Security researchers have discovered a new flaw in Apple's iOS that could expose every action the user takes to a third party, even down to each letter and number typed. A team from security company FireEye have outlined how they were able to get an app onto iOS 7 devices such as iPads and iPhones that would monitor every single tap of the screen and broadcast that information to any remote server. Such information would potentially give hackers access to every single SMS, email and written note as the location of the screen presses gives away which button is being pressed on the virtual keyboard. The app can also record every home button press, changes of volume and TouchID fingerprint scanner use. Researchers claim that the attack is only at the "proof-of-concept" stage and there is no evidence that it has been used outside of a lab. And the group have informed Apple of their work and claim to be "collaborating on the issue". The attack works on even the latest version 7.0.4 of iOS and on non-jailbroken iPhones. <more>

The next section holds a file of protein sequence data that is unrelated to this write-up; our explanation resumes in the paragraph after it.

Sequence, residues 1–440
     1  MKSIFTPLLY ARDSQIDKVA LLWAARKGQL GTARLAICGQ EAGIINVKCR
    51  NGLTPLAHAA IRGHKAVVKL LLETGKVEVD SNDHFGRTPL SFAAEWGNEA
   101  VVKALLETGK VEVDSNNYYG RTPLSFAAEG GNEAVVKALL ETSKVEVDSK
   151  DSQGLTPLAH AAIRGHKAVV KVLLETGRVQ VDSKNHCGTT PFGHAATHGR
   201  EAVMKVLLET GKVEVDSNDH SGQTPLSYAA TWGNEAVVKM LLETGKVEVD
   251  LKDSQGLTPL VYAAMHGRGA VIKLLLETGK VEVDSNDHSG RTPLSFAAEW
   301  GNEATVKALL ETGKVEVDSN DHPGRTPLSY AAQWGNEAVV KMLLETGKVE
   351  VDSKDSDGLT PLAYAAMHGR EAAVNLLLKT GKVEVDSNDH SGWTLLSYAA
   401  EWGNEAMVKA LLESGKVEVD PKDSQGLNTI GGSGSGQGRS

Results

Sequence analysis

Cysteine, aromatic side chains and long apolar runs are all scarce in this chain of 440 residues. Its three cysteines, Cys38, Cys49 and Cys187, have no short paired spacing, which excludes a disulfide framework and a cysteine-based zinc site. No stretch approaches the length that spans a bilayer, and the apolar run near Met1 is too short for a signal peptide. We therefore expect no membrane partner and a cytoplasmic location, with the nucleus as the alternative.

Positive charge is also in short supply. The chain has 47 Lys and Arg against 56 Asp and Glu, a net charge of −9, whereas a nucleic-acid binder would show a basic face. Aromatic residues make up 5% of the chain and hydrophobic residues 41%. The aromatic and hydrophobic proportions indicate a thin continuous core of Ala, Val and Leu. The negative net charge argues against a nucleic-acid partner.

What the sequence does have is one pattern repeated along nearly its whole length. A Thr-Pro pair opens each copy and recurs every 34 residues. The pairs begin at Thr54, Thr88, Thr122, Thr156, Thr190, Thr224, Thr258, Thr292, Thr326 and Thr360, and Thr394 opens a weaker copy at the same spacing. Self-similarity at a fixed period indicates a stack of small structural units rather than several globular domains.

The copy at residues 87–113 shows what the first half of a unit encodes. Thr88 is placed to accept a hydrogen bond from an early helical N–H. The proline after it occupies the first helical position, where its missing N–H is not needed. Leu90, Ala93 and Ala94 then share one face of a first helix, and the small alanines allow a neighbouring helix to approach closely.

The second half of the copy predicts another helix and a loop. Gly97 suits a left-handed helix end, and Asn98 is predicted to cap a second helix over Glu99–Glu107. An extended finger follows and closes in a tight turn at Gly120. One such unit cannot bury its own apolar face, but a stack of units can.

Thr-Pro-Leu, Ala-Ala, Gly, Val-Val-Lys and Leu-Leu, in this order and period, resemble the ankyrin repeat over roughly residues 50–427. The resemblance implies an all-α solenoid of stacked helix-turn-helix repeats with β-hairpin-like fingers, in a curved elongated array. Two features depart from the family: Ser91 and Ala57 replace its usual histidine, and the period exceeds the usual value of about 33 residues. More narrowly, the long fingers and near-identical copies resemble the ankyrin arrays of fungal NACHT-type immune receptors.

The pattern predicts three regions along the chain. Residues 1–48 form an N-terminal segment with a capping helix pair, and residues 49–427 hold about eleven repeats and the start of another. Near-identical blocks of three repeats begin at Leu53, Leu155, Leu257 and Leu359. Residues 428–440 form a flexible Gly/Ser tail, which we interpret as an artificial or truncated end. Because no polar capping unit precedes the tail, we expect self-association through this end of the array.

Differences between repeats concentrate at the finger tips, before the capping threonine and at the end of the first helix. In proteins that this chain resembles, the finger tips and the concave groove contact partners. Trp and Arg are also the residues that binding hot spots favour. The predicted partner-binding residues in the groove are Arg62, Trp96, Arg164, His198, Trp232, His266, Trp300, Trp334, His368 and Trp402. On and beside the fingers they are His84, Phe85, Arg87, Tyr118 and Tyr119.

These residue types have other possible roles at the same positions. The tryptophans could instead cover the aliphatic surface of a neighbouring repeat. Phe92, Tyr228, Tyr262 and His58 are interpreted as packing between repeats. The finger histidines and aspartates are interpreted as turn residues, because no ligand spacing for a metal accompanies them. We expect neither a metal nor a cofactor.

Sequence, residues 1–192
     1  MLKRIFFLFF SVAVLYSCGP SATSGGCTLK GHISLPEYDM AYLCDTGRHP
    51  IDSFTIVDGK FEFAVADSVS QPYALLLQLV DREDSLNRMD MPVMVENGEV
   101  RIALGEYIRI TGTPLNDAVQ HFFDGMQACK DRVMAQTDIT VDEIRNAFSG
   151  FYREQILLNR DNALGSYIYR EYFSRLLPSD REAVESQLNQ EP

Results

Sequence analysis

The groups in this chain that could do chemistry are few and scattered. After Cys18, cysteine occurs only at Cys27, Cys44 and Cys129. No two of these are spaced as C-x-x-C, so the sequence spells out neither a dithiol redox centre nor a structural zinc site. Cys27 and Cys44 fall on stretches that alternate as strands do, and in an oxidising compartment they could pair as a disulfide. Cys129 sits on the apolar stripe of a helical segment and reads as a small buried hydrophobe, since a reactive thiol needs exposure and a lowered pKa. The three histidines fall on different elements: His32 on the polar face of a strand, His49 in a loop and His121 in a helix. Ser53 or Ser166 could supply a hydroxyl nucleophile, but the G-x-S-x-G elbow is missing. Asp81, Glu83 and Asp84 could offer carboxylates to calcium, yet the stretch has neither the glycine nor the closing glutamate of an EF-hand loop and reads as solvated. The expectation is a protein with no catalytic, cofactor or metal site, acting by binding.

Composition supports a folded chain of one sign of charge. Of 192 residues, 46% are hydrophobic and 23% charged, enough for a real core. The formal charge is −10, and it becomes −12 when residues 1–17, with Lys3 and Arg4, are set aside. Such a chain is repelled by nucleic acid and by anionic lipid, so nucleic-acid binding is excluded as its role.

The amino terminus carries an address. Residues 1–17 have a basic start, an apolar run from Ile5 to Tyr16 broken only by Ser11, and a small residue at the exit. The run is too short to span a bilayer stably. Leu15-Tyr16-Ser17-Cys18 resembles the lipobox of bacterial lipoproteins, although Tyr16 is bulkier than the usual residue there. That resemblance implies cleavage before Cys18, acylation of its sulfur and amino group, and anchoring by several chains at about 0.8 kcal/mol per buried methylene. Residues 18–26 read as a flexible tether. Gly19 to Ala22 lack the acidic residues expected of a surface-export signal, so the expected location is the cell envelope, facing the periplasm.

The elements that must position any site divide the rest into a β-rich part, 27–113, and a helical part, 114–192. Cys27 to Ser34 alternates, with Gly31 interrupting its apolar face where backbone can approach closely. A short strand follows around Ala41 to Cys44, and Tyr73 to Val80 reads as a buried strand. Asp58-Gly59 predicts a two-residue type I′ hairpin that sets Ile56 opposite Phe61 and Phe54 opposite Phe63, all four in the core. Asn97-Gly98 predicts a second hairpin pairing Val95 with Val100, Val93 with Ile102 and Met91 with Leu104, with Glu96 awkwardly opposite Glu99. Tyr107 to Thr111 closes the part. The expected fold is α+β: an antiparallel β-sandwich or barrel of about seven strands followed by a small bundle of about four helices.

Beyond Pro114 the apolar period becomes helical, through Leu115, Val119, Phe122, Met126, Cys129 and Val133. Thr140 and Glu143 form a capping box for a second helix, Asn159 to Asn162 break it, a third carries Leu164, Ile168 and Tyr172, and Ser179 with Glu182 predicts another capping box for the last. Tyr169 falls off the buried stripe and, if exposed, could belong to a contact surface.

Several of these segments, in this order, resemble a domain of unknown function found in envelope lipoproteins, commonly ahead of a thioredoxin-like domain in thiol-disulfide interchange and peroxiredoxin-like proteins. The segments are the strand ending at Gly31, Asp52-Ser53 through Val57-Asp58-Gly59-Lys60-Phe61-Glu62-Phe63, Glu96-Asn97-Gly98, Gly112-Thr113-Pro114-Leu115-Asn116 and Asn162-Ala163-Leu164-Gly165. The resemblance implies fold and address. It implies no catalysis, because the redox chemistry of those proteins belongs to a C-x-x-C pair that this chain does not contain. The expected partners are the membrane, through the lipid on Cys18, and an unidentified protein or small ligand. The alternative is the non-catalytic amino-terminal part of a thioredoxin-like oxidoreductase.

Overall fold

Wi-Fi 'virus' could be used to attack wireless access points

Researchers from the University of Liverpool have demonstrated that a computer virus can spread through Wi-Fi access points between homes and businesses just like the common cold spreads from one human to another. The researchers have performed an experiment in a laboratory setting with the aid of the Chameleon virus, which uses a WLAN attack technique to infect access points and collect the credentials of all Wi-Fi users who connect to it. Then, it seeks out other access points, connects to them and infects them. The main issue highlighted by the researchers is the fact that many Wi-Fi access points are unprotected, allowing viruses like Chameleon to spread without difficulty. In their experiment, researchers simulated an attack on the cities of Belfast and London. While the virus can't spread via access points protected by encryption and passwords, it relies on ones that are not protected, like the ones in airports and coffee shops. <more>

Friday, February 21, 2014

Microsoft delivers 'Fix it' solution for IE10 attacks